The good news is, the city of Ashland apparently won't face a projected general fund deficit of $10 million three years from now. And the Parks Department's projected shortfall is now just $600,000, not $5.9 million.
But the explanation from city officials leaves much to be desired, and raises more questions.
Finance Director Jim Welch says the current budget for the 2017-2019 biennium includes projected future deficits that are larger than they should be because they were mistakenly based on a 12 percent increase in salary, wages and benefits for city employees. The 12 percent figure should have been a 10 percent increase in health coverage and 2 percent in Public Employee Retirement System contributions. The actual increase in personnel costs should be 3.5 percent, Welch said.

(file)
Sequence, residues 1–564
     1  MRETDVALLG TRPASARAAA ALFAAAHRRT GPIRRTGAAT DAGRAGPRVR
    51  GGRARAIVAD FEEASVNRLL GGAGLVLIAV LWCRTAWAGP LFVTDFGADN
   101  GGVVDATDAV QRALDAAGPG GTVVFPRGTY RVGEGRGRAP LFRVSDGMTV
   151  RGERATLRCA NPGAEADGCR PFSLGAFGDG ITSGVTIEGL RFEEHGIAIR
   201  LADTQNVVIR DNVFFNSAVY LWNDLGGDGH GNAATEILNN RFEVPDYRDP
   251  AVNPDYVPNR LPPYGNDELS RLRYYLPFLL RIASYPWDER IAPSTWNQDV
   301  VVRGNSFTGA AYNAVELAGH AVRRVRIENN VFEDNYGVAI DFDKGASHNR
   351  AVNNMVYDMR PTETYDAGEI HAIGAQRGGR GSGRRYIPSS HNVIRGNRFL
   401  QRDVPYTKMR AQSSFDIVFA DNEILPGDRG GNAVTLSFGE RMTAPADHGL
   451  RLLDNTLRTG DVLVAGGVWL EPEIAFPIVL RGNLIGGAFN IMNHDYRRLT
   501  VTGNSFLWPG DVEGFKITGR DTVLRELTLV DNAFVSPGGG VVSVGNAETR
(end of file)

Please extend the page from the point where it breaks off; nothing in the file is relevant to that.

While that's a relief, it doesn't completely explain how the error happened — Welch blamed "turnover of staff at the time" — or why it is only now coming to light. The City Council adopted the budget in June, although Welch said he expressed disagreement with the projections in May, and Citizens Budget Committee members questioned the figures as well.
There has been friction for months between citizen members of the Budget Committee and the council. Only now that the budget is part of the justification for a recall campaign against three parks commissioners is a fix in the works.
That's a little late. Errors, particularly of this magnitude, should be corrected promptly, not when it gives the appearance of political expediency.